Podcast – Human Rights and the Olympics

Speak Up Kōrerotia logoChristchurch City Libraries blog hosts a series of regular podcasts from New Zealand’s only specialist human rights radio show Speak up – Kōrerotia. This show is created by Sally Carlton.

With the Rio Olympics due to start next month, this episode discusses human rights in the sporting context and touches on subjects such as –

  • The portrayal of sportswomen in the media
  • Paralympics and breaking down barriers of perceptions of able-bodied and disabled people
  • Human rights abuses perpetrated in the lead-up to and during Olympic Games
  • Steps taken by the International Olympic Committee to redress these abuses
  • The world of elite gymnastics

The panel for this show includes Sally Carlton, Roslyn Kerr from Lincoln University, whose research looks at the world of elite gymnastics, Ashley Abbott from the New Zealand Olympic Committee, and Barbara Kendall, five-time Olympian and member of the International Olympic Committee. This discussion is preceded by an interview with William Stedman, New Zealand’s youngest Paralympian for Rio 2016.

 

Transcript of the audio file

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The Christchurch Marathon

Central Library Peterborough will be a tad more athletic than usual on Sunday, 31 May as the annual Christchurch Marathon takes place. The library is on the marathon route, at the beginning of the course as runners make their way from the Cathedral Square start towards Hagley park, and at the end of the race as they head back to The Square for the big finish.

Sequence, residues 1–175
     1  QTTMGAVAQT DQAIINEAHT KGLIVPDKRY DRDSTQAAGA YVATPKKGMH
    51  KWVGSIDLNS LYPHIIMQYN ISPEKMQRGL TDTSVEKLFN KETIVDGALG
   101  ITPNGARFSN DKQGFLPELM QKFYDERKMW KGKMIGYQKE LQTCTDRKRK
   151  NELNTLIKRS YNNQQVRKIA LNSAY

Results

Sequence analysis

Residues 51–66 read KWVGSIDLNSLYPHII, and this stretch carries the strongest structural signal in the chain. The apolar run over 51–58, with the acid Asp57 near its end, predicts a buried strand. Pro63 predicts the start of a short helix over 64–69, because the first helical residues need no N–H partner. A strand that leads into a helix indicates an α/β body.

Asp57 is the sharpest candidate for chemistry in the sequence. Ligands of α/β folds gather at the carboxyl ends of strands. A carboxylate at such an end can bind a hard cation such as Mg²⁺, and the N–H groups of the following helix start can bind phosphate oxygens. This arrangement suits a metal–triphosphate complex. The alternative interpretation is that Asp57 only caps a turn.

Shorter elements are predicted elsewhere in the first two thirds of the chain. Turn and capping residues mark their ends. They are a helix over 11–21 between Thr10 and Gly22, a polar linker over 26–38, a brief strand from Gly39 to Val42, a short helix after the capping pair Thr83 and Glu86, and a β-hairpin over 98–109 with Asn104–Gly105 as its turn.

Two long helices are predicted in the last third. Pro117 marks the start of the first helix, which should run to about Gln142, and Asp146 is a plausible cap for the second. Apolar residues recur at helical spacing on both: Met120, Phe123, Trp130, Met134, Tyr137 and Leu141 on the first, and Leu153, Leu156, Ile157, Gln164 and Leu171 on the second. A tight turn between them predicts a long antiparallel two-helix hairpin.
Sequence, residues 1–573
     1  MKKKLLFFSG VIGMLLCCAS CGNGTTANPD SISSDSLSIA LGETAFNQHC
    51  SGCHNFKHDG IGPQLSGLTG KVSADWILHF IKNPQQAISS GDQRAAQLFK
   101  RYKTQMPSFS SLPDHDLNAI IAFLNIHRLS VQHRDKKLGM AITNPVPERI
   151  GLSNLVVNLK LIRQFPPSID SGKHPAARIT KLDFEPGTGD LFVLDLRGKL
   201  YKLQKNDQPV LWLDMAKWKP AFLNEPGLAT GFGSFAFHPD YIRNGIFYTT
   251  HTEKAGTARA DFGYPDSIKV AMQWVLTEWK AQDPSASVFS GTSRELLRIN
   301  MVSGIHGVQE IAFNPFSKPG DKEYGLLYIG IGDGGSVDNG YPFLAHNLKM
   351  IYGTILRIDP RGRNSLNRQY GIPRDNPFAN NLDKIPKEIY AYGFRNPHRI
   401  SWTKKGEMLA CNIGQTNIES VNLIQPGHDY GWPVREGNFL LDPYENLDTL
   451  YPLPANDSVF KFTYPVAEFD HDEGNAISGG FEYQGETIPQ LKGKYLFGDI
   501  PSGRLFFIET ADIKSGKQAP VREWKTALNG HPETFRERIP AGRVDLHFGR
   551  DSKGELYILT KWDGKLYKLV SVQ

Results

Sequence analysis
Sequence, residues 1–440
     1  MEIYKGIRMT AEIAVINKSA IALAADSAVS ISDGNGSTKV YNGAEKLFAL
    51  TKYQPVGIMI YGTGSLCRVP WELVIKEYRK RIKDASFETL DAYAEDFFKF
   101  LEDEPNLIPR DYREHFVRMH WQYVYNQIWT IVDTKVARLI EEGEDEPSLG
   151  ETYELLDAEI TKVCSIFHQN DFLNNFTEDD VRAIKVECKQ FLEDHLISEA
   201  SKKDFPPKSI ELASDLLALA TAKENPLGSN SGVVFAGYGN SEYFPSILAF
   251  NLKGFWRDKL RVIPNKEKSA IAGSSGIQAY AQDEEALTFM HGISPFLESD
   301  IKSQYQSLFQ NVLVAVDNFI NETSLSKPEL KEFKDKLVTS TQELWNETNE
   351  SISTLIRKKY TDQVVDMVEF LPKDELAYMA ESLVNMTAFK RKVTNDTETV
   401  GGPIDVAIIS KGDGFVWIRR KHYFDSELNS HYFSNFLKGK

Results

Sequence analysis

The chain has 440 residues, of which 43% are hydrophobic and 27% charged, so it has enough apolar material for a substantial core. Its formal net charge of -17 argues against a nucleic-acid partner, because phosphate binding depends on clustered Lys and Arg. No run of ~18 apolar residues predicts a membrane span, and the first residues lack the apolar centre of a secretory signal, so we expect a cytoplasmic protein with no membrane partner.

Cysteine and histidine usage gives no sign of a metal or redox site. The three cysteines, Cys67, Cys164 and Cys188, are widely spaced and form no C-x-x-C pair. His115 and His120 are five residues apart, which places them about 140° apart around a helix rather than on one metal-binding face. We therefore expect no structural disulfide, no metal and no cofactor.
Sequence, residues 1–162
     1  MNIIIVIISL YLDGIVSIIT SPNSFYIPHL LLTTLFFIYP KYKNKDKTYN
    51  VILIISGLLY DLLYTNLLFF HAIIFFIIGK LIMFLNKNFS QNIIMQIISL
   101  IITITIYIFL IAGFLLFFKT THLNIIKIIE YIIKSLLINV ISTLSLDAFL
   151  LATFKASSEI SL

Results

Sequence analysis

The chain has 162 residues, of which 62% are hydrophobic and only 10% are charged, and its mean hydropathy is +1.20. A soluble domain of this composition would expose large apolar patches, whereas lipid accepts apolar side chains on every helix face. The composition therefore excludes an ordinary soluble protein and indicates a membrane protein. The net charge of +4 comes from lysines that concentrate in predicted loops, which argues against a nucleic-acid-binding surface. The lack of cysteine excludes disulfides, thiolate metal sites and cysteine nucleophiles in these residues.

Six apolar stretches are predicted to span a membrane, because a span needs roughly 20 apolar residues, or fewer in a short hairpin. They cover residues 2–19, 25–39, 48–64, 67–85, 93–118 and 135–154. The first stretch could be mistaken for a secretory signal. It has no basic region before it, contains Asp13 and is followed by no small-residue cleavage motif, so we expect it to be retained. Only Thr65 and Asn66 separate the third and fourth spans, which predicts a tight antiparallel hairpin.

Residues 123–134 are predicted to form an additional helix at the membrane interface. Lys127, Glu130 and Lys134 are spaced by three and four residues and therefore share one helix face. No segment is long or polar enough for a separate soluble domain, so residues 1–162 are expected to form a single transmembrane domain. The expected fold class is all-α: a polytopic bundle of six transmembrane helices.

The route of the Christchurch marathon has changed in recent years due to the earthquakes. It started in 1981 as the same course run during the 1974 Commonwealth Games, the one that saw Brit, Ian Thompson run the second fastest marathon of all time, (2 hrs, 9 mins, 12 secs). Forty years later this is still the fastest marathon ever run in New Zealand and the Christchurch Marathon continues to have a reputation as a “fast and flat” course.

Central Library Peterborough will be open as usual on Sunday but access from the street will be pedestrian only until 2pm. Library visitors will need to park further away than usual and walk to the library (but at least it won’t be 26 miles, so that’s something to be thankful for).

About the Christchurch Marathon